It is imperative to analyze the State of Governance and Governability in our countries. Governance as a way of governing that aims to achieve lasting economic, social and institutional development, promoting a healthy balance between the State, Civil Society, the Economic Market and People. Manuel Alcántara, Professor of the University of Salamanca, refers to Governability as a situation in which a set of favorable conditions for government action concur. In this sense, we can suggest that effective Governance enables Governability. Climate change will defy in that sense to everyone in the international community. Making sense of climate governance will be a major endeavor for human society.

The COVID-19 pandemic, although scientifically predictable, took different leaders and institutions by surprise. Its confluence with pre-existing problems generated a perfect storm that exposed the weaknesses or insufficiencies of National States, along with Regional and Global organizations. At a time when challenges more globalized than ever, multilateralism shows itself weaker than many decades before. Latin America, which was already the most inequitable region in the world, although not the poorest, suffers the greatest negative impact.

Morality and Law
The Perfect Brazilian Storm
Pepe Escobar
Brazil is facing a lethal trifecta: an interlocking politico-institutional, economic and sanitary crisis. A liquidity crisis and a currency crisis constantly feed on the political crisis, aggravated by the long running — and itself corrupted — Car Wash corruption investigation, writes Pepe Escobar, Brazilian author and journalist, columnist of the Hong Kong-based Asia Times.
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As Latin Americans we need to develop an intense pedagogy on the advantages of facing the new challenges of the 21st century and solving those of the 20th century that we have still pending. The political systems in Latin America must not only organize the competition for power, but also should help to exercise an integral citizenship with free, equitable and transparent electoral processes; in its exercise regulated by the Democratic State of Law and with the inalienable objective of continuing developing the political, civil, cultural, economicб and social citizenship, which was the first victim of this pandemic.

The technological changes of the 21st Century and a new citizenship require the renewal or creation of the institutions that allow containing and developing these new demands, challenges and risks. It is essential to learn to relate to these new actors. Adapting is a dialectical relationship that should not be confused with subordination without leadership, which would only generate further anomie and uncertainty.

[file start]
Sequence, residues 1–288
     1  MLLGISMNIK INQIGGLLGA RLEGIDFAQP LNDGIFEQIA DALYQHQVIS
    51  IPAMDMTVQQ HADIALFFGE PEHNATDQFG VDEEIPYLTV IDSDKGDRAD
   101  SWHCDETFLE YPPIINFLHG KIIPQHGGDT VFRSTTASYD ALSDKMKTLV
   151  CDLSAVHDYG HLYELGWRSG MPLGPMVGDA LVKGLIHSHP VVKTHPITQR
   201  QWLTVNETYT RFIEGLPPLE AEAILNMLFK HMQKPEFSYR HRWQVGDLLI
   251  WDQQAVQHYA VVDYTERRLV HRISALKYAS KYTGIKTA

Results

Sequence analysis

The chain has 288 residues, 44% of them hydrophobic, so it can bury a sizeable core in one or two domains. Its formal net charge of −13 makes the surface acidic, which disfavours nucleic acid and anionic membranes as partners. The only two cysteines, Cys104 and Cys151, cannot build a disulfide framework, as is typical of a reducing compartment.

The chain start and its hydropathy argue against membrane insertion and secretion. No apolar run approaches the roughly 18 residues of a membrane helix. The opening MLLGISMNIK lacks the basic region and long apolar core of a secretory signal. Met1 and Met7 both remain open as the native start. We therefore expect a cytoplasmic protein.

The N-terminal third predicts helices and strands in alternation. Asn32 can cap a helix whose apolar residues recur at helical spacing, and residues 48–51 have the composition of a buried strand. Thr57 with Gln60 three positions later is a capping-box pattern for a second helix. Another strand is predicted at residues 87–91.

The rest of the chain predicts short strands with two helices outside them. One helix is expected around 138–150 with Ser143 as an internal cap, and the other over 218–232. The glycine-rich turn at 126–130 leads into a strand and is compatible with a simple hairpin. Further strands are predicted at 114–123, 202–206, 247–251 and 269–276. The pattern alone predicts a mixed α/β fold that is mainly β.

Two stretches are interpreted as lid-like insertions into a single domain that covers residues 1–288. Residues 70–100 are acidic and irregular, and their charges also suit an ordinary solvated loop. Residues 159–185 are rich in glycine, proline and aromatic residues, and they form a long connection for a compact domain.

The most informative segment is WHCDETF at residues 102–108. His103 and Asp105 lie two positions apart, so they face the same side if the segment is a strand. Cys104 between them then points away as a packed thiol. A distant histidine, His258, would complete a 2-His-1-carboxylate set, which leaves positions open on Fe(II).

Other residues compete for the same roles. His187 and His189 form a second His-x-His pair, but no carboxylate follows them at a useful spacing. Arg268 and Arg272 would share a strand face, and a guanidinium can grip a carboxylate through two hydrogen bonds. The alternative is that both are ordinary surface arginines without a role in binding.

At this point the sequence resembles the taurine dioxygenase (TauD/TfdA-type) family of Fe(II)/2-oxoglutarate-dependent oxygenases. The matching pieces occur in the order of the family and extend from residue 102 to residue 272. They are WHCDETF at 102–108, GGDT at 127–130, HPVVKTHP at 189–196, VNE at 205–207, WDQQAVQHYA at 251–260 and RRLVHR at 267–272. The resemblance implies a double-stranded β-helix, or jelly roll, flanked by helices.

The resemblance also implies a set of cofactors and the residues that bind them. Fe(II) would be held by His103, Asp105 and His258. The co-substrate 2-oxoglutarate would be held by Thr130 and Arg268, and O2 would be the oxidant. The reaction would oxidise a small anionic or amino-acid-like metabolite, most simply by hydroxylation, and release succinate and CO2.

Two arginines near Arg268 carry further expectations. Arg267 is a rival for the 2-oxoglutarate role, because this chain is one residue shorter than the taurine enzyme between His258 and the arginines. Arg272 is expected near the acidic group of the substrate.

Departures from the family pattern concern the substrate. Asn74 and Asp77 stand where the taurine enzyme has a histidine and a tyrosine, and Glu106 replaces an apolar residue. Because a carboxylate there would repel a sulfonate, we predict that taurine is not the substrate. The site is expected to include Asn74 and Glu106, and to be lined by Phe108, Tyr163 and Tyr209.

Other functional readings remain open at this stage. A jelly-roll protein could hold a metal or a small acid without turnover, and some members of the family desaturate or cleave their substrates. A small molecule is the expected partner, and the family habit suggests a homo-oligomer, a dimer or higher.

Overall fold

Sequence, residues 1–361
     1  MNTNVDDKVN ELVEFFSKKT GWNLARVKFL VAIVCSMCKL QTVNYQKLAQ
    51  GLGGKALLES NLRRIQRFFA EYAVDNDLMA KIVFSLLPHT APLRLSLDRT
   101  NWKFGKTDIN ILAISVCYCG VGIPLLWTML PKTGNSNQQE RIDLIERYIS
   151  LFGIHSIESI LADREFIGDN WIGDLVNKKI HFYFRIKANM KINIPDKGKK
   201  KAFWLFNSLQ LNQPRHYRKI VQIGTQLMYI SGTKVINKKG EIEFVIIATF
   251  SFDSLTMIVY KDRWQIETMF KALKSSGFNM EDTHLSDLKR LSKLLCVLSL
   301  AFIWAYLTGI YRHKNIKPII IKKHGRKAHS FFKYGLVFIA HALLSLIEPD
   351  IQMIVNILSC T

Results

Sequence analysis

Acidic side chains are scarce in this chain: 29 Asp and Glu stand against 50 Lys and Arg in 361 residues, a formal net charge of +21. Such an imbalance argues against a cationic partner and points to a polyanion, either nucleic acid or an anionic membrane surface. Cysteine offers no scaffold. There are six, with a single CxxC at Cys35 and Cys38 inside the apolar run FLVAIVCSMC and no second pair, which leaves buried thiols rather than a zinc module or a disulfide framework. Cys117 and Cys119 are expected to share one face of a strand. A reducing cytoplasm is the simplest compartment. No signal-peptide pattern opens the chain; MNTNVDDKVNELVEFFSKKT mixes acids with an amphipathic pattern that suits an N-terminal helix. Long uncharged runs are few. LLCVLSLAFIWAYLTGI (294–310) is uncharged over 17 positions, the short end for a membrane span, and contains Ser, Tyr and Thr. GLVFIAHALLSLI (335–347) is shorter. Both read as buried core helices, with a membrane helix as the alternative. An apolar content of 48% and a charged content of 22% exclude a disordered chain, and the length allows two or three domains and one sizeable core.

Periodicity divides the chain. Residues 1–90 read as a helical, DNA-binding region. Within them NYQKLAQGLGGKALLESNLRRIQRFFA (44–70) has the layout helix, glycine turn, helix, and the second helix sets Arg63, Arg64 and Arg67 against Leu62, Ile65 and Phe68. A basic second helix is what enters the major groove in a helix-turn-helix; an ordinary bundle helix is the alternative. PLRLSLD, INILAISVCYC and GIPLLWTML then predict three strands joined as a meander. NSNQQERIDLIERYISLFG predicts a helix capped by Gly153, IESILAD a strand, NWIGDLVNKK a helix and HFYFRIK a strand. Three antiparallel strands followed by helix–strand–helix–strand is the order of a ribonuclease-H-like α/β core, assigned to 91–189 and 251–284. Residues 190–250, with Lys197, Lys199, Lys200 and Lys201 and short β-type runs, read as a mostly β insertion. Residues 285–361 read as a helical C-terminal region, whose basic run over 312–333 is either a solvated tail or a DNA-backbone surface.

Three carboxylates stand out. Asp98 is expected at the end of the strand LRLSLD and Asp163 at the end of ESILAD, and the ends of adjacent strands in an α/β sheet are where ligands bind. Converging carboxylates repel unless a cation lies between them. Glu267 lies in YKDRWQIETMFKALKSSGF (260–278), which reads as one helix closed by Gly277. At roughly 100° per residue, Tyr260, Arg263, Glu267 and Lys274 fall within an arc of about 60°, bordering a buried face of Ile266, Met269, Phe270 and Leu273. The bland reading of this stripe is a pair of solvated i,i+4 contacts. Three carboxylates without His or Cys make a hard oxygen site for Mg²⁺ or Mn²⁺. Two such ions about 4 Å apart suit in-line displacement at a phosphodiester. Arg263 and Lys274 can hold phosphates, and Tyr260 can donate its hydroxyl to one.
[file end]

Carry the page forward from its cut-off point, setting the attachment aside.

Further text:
In this decade marked by a Conflict-driven Non-Hegemonic Bilateralism, it is necessary for Argentina, our region and the world, not to be dragged by tensions or to increase them. National and regional needs and interests will find their best atmosphere in a growing, renewed and fair Multilateral System. We must act in it, within the framework of our possibilities and realities, as actively as possible. To know and better understand global trends and find the best opportunities. To agree on regional and multilateral proposals that show that they are based not only on knowledge of our needs and our potential, but also on knowledge and understanding of the global situation.

Pandemic Challenges: Perspectives From Latin America
José Octavio Bordón
In the following years, we will find ourselves more experienced and knowledgeable, and although we will not be less worried, we will see more clearly what is happening around us. We will be conscious of our budgetary weaknesses, the social frailty caused by long-lasting isolation and the inadequacies and inefficiencies of the vaccination processes and the global health system as a whole, writes Ambassador José Octavio Bordón, President of the Argentine Council of International Relations (CARI). The article is published as part of the Valdai Club’s Think Tank project, continuing the collaboration between the ValdaiClub and CARI.
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Views expressed are of individual Members and Contributors, rather than the Club's, unless explicitly stated otherwise.